3. Once you had followed the step #2 herein, then you can try to remove the original .htaccess file (Not the backup one you just made OK?) by using this command [rm -rf /share/Web/.htaccess].  Be very careful with [rm -rf] command line, because if you misspell a file or a directory you’re trying to remove, you will definitely lose such directory or file forever and won’t be able to recover it.
  4. Now let us create the .htaccess file again, but this time we’re creating it the way we like it.  Of course, .htaccess is a complex file, thus regular Joe like us needs not to worry about making this file too complex.  Instead, let a regular Joe like us to just create simple .htaccess file that denies all IP addresses but only allows a specific IP addresses.  This means, if you want to allow one or two specific IP addresses to access QNAP’s web applications, this .htaccess file should satisfy your command.  So here we go…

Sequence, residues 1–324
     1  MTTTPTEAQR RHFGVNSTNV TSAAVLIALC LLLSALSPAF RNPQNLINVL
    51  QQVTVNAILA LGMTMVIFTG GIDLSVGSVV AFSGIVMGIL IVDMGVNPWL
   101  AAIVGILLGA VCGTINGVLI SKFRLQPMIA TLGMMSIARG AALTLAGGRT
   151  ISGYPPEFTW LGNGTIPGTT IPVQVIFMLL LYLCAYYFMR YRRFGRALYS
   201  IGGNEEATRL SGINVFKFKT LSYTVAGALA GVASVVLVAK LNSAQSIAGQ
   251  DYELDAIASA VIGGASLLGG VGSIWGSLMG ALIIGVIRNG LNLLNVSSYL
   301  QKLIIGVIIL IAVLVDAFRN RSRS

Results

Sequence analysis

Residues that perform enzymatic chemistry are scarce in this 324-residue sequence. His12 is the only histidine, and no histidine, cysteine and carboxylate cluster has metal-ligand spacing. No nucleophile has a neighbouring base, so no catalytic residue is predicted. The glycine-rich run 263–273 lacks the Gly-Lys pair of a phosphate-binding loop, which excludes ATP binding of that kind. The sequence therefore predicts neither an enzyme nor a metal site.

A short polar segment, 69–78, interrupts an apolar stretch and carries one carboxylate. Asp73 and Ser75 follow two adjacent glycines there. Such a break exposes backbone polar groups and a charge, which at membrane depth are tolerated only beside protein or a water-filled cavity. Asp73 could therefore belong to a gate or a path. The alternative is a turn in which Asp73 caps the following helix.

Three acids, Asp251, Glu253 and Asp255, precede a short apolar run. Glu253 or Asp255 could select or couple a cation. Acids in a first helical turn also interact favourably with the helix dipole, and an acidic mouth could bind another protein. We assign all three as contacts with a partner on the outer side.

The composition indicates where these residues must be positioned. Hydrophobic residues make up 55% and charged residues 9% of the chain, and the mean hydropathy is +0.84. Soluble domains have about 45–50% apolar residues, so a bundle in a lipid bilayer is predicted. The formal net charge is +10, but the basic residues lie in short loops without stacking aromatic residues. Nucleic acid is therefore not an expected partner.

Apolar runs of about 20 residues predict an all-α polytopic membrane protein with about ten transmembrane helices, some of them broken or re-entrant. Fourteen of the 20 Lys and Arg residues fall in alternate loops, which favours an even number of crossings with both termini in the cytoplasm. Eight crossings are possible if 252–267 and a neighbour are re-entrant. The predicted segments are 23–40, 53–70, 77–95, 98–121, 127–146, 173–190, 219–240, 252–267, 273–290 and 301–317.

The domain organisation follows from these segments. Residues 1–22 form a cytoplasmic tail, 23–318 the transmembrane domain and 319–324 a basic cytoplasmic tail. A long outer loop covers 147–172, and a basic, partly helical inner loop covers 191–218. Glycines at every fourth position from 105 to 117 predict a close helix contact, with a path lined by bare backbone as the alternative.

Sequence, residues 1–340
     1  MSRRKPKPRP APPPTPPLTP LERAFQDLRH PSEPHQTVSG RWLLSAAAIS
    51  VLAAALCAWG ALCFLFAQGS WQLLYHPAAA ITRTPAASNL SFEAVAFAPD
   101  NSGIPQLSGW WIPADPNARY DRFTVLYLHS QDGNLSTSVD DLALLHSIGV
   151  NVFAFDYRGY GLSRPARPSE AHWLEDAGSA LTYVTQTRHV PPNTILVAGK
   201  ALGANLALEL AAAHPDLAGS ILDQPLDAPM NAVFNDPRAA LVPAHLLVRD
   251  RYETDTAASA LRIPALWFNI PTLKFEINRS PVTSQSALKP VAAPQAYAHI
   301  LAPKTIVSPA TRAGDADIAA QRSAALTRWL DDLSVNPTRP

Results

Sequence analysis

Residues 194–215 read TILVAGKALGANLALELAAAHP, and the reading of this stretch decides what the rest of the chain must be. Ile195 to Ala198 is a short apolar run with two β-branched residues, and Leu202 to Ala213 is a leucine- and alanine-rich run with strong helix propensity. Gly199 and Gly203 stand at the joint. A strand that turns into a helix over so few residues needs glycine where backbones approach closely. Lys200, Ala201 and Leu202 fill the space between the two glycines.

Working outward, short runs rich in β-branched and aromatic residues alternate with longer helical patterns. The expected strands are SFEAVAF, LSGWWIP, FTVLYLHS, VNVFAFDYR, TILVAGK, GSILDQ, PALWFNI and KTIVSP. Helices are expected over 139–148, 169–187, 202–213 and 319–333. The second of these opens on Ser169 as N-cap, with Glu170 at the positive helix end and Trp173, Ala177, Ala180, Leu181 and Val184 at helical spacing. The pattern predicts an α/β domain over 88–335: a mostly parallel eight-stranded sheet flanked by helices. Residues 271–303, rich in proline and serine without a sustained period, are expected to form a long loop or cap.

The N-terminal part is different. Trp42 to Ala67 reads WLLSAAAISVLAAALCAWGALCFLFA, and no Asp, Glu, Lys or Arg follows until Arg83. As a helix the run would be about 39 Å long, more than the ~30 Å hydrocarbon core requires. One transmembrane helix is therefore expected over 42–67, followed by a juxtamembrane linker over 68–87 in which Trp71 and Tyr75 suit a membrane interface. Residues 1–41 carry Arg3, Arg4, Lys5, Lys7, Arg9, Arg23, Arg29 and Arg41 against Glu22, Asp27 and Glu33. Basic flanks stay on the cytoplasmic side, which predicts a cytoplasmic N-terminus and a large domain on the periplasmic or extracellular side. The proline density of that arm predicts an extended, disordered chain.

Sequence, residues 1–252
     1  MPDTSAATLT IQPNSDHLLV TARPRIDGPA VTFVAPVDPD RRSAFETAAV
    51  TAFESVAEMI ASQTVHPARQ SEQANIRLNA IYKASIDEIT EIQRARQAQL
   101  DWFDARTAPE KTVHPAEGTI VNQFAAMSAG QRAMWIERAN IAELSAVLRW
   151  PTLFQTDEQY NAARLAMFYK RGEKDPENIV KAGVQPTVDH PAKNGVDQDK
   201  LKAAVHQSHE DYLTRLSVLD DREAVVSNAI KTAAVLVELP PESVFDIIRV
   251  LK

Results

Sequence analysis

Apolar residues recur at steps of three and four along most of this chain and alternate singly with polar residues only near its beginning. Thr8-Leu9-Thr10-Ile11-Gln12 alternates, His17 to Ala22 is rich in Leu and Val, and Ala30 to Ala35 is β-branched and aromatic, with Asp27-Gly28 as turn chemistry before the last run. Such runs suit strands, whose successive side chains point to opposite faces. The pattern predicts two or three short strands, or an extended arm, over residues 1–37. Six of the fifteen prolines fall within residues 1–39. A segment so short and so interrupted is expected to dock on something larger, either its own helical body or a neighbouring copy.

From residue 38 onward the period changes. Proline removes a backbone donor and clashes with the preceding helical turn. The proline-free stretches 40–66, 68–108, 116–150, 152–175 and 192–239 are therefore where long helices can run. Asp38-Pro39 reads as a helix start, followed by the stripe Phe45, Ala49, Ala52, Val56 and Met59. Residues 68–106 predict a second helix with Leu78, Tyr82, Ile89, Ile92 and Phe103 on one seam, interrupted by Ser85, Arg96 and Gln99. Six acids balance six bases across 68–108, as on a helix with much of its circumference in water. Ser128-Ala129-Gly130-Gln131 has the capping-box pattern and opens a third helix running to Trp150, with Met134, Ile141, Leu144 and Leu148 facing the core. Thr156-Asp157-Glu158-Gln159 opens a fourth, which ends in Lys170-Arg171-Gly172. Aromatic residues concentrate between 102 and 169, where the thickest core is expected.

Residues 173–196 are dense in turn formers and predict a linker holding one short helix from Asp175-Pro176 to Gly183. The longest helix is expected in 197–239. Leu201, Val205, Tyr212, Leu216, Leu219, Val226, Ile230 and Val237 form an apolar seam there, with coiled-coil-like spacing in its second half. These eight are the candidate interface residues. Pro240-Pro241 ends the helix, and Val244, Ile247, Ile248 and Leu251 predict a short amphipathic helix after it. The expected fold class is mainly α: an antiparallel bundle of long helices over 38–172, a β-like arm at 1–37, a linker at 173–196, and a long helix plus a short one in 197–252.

1. Creating .htaccess file by using this command [touch /share/Web/.htaccess].
    2. Now, let’s edit the .htaccess file we just created by using this command [vim /share/Web/.htaccess].
    3. Let’s enter the lines below for our new .htaccess file shall we?  These lines must be in the order as follow…
      1. order deny,allow
      2. allow from 192.168.0.x (please use your very own IP address here)
      3. allow from 192.168.0.x (please use your very own IP address here)
      4. deny from all